Editors' ChoiceGENETICS

Answers from Exomes

Science Signaling  19 Nov 2013:
Vol. 6, Issue 302, pp. ec282
DOI: 10.1126/scisignal.2004921

Exome sequencing, which targets only the protein-coding regions of the genome, has the potential to identify the underlying genetic causes of rare inherited diseases. Angulo et al. (see the Perspective by Conley and Fruman) performed exome sequencing of individuals from seven unrelated families with severe, recurrent respiratory infections. The patients carried the same mutation in the gene coding for the catalytic subunit of phosphoinositide 3-kinase δ (PI3Kδ). The mutation caused aberrant activation of this kinase, which plays a key role in immune cell signaling. Drugs inhibiting PI3Kδ are already in clinical trials for other disorders.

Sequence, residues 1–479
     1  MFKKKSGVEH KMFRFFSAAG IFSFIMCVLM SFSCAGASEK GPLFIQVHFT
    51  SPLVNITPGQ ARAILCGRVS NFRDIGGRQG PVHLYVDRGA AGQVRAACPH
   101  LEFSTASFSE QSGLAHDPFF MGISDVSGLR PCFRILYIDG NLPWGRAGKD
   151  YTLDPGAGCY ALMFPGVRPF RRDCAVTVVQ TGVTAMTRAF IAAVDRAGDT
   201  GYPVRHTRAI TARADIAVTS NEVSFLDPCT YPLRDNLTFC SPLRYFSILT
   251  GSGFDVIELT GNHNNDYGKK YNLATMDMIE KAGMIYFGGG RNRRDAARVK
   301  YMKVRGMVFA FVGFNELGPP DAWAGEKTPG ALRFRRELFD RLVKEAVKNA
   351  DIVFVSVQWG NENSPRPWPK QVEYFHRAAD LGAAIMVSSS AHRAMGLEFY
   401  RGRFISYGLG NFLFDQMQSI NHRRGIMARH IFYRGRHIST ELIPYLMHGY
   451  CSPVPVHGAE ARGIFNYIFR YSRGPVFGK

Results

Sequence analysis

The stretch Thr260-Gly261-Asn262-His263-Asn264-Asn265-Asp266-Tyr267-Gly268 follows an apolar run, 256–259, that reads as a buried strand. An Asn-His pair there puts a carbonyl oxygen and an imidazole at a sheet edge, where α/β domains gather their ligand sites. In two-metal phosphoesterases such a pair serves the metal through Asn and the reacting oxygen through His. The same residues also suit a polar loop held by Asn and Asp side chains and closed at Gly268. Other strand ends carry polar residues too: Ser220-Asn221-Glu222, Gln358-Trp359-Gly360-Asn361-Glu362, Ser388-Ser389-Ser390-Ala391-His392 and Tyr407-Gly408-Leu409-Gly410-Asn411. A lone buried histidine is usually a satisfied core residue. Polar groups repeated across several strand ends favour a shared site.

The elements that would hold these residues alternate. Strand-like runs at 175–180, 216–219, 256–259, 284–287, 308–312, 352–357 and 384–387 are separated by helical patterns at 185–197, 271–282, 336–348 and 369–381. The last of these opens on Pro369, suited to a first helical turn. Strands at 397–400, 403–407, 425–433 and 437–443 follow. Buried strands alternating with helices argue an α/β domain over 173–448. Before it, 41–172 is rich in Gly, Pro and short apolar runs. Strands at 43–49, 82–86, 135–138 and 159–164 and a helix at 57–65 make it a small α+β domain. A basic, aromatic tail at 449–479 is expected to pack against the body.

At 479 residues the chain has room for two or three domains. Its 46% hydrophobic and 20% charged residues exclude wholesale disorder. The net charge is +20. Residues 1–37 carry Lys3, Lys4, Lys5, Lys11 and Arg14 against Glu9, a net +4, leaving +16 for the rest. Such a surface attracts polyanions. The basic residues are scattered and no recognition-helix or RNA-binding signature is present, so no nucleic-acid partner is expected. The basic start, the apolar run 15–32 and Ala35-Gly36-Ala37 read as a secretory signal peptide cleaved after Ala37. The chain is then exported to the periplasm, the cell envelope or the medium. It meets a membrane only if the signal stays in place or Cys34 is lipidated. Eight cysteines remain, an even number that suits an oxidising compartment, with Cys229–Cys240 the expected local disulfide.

I. Angulo, O. Vadas, F. Garçon, E. Banham-Hall, V. Plagnol, T. R. Leahy, H. Baxendale, T. Coulter, J. Curtis, C. Wu, K. Blake-Palmer, O. Perisic, D. Smyth, M. Maes, C. Fiddler, J. Juss, D. Cilliers, G. Markelj, A. Chandra, G. Farmer, A. Kielkowska, J. Clark, S. Kracker, M. Debré, C. Picard, I. Pellier, N. Jabado, J. A. Morris, G. Barcenas-Morales, A. Fischer, L. Stephens, P. Hawkins, J. C. Barrett, M. Abinun, M. Clatworthy, A. Durandy, R. Doffinger, E. R. Chilvers, A. J. Cant, D. Kumararatne, K. Okkenhaug, R. L. Williams, A. Condliffe, S. Nejentsev, Phosphoinositide 3-kinase δ gene mutation predisposes to respiratory infection and airway damage. Science 342, 866–871 (2013). [Abstract][Full Text]

M. E. Conley, D. A. Fruman, Can cancer drugs treat immunodeficiency? Science 342, 814–815 (2013). [Abstract][Full Text]